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Coverage of Comey testimony plays out with partisan spin

Associated Press logo Associated Press 6/8/2017 By DAVID BAUDER, AP Television Writer
Former FBI Director James Comey is sworn in by Chairman Richard Burr, R-N.C., foreground, during a Senate Intelligence Committee hearing on Capitol Hill, Thursday, June 8, 2017, in Washington. (AP Photo/Alex Brandon, Pool) © The Associated Press Former FBI Director James Comey is sworn in by Chairman Richard Burr, R-N.C., foreground, during a Senate Intelligence Committee hearing on Capitol Hill, Thursday, June 8, 2017, in Washington. (AP Photo/Alex Brandon, Pool)

NEW YORK (AP) — The extensive coverage of former FBI Director James Comey's Senate testimony on Thursday gave Americans time to pause and focus on the slowly unfolding story about President Donald Trump and Russian involvement in the presidential campaign, but no rest for partisan spinners.

Broadcast networks cast aside their regular schedules for three or four hours. So did cable news networks, bracketing Comey's session before the Senate intelligence committee with hours of its own talk.

"Capitol Hill has not seen a day like this in years," said ABC News' George Stephanopoulos.

Evidence of the fierceness of the political battle came in the bits and pieces of Comey's testimony emphasized on different outlets and social media accounts. The was particularly true when Comey said that he leaked contents of a memo about his conversation with Trump to The New York Times through a friend, later identified as Columbia University law professor Daniel Richman. Comey wanted to get his account out, perhaps encouraging the appointment of a special prosecutor.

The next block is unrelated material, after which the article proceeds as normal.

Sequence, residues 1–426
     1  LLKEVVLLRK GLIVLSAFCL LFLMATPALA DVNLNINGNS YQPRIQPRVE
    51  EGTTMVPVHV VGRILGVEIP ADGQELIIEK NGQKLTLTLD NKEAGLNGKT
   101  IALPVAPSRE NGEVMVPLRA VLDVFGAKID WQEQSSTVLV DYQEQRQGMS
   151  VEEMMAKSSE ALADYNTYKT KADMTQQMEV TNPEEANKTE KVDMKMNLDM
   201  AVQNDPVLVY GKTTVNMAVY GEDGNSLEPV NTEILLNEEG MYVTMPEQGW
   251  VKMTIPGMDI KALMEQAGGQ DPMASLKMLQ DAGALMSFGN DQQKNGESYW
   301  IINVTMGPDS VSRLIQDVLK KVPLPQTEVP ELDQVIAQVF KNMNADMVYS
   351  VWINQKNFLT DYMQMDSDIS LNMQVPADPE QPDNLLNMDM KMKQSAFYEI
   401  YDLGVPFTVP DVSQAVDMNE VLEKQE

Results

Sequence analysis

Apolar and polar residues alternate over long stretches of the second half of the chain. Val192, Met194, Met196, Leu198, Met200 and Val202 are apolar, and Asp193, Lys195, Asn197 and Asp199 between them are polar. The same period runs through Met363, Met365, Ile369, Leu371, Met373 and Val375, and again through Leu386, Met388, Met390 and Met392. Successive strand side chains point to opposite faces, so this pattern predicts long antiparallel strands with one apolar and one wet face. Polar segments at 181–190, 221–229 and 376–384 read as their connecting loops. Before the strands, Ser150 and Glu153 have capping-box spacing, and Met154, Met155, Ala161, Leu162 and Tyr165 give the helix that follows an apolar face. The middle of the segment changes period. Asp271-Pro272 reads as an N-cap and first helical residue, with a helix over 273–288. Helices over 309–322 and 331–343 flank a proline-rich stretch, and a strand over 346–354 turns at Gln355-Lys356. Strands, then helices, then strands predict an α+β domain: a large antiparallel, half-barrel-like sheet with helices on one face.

"This whole thing is a giant nothing-burger," the conservative web site Breitbart News wrote as Comey talked, "except for Comey implicating himself as a leaker."

On the liberal site Talking Points Memo, the same detail was hailed as evidence of "how Comey outflanked Trump."

"Depending on which camp you're in, you could say that Comey totally condemned President Trump today, or you could say the president was exonerated by Comey," commentator Dana Perino said on Fox News Channel. "The thing is, this was just another log on the fire, because America is going to continue to push forward on this."

Television commentators did not break in to Comey's testimony, but through headlines put onscreen — called chyrons — they were able to choose often contradictory points of emphasis. That was the case when Comey talked about Trump's discussion with him about former National Security Adviser Michael Flynn.

On Fox, for example, a chyron read, "Comey: President did not order me to let Flynn probe go." On CNN, the message read "Comey: I took Trump's request about Flynn as a directive."

All of the attention paid to the hearing, and its somewhat repetitive questioning — put special emphasis on some of its more unusual or humorous moments, like when Comey explained to Sen. Angus King of Maine that he had to break a date with his wife when Trump called him for a dinner at the White House.

"That's one of the all-time great excuses to break a date with your wife," King said.

Sen. John McCain was roasted online for a line of questioning where he appeared to conflate separate investigations on the Russian connection and on former Secretary of State Hillary Clinton's email server.

Besides the traditional networks, Spanish-language station Telemundo aired the testimony with a voiceover translation. Telemundo, in the moments before Comey started, also showed a simulated reconstruction of Trump and Comey meeting in the White House, with conversations in Spanish printed in cartoon-like bubbles over their heads.

Not every television network showed Comey. Fox broadcast stations offered coverage anchored by Shepard Smith, but in New York the local affiliate showed Wendy Williams' talk show instead, with a printed message that anyone interested in Comey should seek out an online stream.

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